2. As an alternative to substituting kolibri-server for kolibri, would it be possible to use kolibri-server (ie install the Kolibri RPi image) and then stop/disable the redis/uwsgi services as required for A/B comparison testing?
    This would make setting up for testing much simpler.


hello @tgillett

Can you nominate some specific Channel content that utilises the redis/uswgi multi thread capabilities in kolibri-server please?

That will not be determined by a Channel, but by the type of interactions: a typical example would be several learners in different browsers interacting with pdf, exercises, etc. while a coach is looking in his browser the interactions in real time as explained at Coach your learners in Kolibri — Kolibri User Guide . Most of the content is static and cached by kolibri so the work of the cpu there is very low. The only exception could be html content that’s zipped and required to be extracted while served, these are, for example in the PhET Interactive Simulations channels

As an alternative to substituting kolibri-server for kolibri, would it be possible to use kolibri-server (ie install the Kolibri RPi image) and then stop/disable the redis/uwsgi services as required for A/B comparison testing?

Sure, you can do:

sudo systemctl stop kolibri-server
sudo systemctl stop nginx

to stop kolibri server and , then,
kolibri start
to switch to the standard kolibri package


Hi @jredrejo

Thanks, that is very helpful.

  1. So if we can incorporate launching some PHET pages in our testing that would generate some workload that should be better handled by kolibri-server.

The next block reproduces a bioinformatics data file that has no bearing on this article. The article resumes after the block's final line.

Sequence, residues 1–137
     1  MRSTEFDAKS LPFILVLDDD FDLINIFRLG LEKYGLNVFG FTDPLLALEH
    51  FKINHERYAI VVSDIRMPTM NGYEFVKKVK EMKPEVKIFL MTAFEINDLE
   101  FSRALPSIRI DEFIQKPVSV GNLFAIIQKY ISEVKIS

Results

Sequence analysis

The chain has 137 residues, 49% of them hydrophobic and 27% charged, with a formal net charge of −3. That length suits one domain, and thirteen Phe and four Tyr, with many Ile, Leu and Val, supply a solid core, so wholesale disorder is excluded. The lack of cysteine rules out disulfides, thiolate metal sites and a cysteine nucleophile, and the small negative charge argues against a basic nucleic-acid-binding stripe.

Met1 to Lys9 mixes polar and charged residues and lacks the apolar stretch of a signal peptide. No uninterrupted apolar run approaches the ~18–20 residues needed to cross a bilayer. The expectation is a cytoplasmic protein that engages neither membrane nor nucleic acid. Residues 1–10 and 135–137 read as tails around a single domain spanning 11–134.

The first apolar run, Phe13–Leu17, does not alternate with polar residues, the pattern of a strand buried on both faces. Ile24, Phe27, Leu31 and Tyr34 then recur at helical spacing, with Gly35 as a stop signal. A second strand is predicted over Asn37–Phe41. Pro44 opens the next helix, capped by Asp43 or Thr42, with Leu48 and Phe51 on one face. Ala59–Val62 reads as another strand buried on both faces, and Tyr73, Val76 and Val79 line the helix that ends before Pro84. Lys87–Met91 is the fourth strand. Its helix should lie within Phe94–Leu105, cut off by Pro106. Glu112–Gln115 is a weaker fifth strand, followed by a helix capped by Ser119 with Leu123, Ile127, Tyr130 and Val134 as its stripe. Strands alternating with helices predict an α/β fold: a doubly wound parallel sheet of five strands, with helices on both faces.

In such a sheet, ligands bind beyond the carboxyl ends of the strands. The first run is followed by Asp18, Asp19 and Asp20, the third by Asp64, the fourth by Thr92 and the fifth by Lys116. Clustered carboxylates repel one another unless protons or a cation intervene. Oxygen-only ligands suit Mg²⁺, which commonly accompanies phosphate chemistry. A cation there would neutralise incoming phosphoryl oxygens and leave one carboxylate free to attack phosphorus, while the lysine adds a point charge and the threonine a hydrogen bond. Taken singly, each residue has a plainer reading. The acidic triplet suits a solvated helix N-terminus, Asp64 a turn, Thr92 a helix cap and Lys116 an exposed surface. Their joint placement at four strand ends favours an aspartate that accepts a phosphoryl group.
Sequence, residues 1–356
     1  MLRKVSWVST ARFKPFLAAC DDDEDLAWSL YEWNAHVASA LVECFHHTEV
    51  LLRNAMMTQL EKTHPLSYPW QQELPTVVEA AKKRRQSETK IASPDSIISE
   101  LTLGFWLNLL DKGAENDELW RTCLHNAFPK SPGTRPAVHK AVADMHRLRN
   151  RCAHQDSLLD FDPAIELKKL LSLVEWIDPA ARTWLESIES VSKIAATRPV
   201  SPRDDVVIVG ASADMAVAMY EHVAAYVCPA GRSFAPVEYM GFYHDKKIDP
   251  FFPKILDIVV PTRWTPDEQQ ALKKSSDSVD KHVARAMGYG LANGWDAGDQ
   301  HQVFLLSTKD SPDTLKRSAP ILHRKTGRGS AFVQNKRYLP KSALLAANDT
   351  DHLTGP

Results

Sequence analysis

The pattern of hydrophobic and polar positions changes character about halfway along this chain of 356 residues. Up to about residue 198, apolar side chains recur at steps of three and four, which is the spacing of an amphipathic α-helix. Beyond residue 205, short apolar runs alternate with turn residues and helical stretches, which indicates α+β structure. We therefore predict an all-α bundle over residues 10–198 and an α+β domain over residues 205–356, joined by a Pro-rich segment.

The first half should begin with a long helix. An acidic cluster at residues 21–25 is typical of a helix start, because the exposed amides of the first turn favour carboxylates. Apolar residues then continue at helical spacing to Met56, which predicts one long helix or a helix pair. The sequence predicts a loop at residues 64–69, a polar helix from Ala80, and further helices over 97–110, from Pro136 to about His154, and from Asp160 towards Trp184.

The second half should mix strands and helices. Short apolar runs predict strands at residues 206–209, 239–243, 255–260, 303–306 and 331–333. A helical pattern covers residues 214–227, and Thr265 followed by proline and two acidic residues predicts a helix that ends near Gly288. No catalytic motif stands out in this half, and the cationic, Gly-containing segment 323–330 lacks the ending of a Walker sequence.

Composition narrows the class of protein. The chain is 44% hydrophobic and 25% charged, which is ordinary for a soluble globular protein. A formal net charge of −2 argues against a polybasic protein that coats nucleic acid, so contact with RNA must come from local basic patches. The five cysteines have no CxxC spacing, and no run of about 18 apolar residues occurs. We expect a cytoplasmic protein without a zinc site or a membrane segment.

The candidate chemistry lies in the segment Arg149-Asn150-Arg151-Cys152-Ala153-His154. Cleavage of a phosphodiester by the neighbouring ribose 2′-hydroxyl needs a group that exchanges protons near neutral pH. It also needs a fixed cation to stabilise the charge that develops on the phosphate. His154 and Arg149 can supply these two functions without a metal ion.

Is that a correct understanding?

  2. That is a nice way to switch the kolibri package. Thanks.

  1. So if we can incorporate launching some PHET pages in our testing that would generate some workload that should be better handled by kolibri-server.
    Is that a correct understanding?

Yes, but the best way to load to the server is doing things like the coach real-time reports. With the PHET pages, the content will be unzipped and then statically served, so depending on the size of the initial file, it will produce cpu spikes but not a permanent load.


Automating coaching might be an interesting project :wink:

We will take a look.

If you want to get really into the weeds here - one thing we have looked into but not tried yet internally is the Chrome recorder tool: Record, replay, and measure user flows - Chrome Developers - this can produce puppeteer scripts that can then be programmatically replayed.

This could then be combined with something like puppeteer-loadtest - npm to launch multiple headless browsers in parallel to test the server.